either. Part of the reason that many scientists are atheists is that they don't
really understand what is meant by "God".
Anything whose existence
is contingent (i.e. which could exist or not exist) cannot be the explanation
of its own existence. It cannot, as it were, pull itself into being by its own
bootstraps. As St. Augustine says in his Confessions, all created things cry out to us, "We did not make
ourselves." Only God is uncreated, because God is a necessary being: He cannot
not exist. It is of His very nature to exist. He said to Moses, "I AM WHO AM.
... Thus shalt thou say unto the children of Israel: 'I AM hath sent me unto
I think scientists like
Hawking would be helped if they could imagine God as an infinite Mind that
understands and knows all things and Who, indeed, "thought the world up". If
all of reality is "intelligible" (an idea that would appeal to scientists),
then it follows really that there is some Intellect capable of understanding it
fully. If no such Intellect exists or could exist, in what sense is reality
fully intelligible? We need to recover the idea of God as the Logos, i.e. God as
Reason itself. I note that Pope Benedict has stressed this in his recent
addresses about science and in his speech at Regensburg. It is an idea of God that people who devote their lives
to rational inquiry can appreciate.
You've written about the creation/evolution/ intelligent design controversy.
What is your understanding of the main issues in that debate? Where do you come
Dr. Barr: There are really two quite distinct debates going
on. One is between so-called "Creationism" and Evolution. The other is between
Darwinism and the "Intelligent Design movement".
The Creationists deny
that evolution happened. They are charging off an intellectual cliff. There is
overwhelming and convergent evidence from many directions for the evolution of
species. So it is embarrassing that this "Creationism" versus Evolution battle
is still going on. Fortunately, it has never been a Catholic fight. The
Catholic Church has never had an objection to the idea of the evolution of
species of plants and animals. As far as the evolution of man goes, the Church
has always insisted that the human soul, being spiritual, cannot be explained
by, or be the product of, merely material processes, whether biological
reproduction or biological evolution. The soul of each human being is directly
conferred on him or her by God, as taught symbolically in Gen 2:7. However, the
Church never condemned the idea that the human body evolved from pre-existing
organisms. The natural origin of the human body by evolution is no more a
threat to anything we believe as Catholics than is the natural origin of each
human body by sexual reproduction.
Evolution as a biological
theory has never bothered the Church, though she has always vigorously rejected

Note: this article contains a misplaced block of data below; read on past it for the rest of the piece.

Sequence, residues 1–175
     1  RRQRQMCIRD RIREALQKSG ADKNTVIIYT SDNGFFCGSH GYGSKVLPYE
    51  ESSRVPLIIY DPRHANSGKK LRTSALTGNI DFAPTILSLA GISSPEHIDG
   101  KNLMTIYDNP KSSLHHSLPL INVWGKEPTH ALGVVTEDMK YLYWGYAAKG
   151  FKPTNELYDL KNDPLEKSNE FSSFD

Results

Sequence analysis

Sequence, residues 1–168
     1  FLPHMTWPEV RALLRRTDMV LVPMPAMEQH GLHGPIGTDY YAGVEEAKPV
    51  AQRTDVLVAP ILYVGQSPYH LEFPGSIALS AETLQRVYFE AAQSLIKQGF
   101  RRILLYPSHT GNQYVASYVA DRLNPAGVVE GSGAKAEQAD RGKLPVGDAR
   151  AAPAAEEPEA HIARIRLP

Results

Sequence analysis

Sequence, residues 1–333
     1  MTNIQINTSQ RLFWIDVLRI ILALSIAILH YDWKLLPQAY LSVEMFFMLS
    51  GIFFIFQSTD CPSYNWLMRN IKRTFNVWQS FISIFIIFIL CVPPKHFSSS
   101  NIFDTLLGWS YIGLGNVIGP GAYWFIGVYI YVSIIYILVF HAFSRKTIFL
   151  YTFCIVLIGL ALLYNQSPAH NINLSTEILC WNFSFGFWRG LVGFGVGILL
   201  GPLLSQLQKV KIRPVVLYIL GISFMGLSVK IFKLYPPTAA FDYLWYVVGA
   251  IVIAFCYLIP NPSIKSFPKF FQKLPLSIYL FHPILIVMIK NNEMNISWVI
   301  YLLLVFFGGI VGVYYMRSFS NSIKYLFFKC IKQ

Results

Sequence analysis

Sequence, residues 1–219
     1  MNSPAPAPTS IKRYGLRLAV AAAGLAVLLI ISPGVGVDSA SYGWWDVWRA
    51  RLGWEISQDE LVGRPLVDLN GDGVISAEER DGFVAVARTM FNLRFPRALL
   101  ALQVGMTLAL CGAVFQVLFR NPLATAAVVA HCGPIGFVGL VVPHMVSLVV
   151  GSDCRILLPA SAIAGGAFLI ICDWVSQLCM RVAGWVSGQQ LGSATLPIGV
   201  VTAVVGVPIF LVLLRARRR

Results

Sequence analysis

radical philosophical ideas that were offshoots of it.
The debate between
"Intelligent Design" and Darwinism has to be taken more seriously. The
self-styled Intelligent Design (or "ID") movement says that while evolution may
have happened the Darwinian mechanism of natural selection acting on random
genetic mutations is not adequate to explain it. In particular, the ID people
point to the great complexity of life, especially at the cellular level. If
they are right, that would be very interesting, as it would almost force one to
invoke miraculous intervention by God to explain many of the facts of biology.
It would give us a slam-dunk proof for the existence of God. I, for one, would
be very happy about that.
But are they right in
saying that the Darwinian mechanism is inadequate to explain biological
complexity? Most biologists, including most of those who are devout Christian
believers, doubt it very strongly. And even if the ID people are right, it will
be virtually impossible to prove that they are right because they are asserting
a negative. They are saying that no Darwinian explanation of certain complex
structures will ever be forthcoming. Well, there may not exist such an
explanation now, but there might exist one later. So, in practice, I don't see
a slam-dunk proof for miraculous intervention in evolution as coming out of
Frankly, I don't see this
debate as one in which Catholics, as Catholics, have any stake. The traditional
arguments for the existence of God are much deeper and more reliable than the
ones the ID movement is trying to make. The Catholic Church herself has taken
no stance on this controversy. A 2004 document of the International Theological
Communion and Stewardship, issued with the approval of then Cardinal Ratzinger,
said it was an interesting dispute that should be left to scientists to decide,
since it could not be decided by theological arguments.
Critics of evolution point to statements made by some evolutionists to the
effect that life emerged by chance occurrences or "random mutations" and
natural selection. The "randomness" thought to be involved critics take as
undercutting a claim that life on earth is the result of the creative act of
God. What is your view of the matter?
Dr. Barr: The idea that chance plays a role in events is in no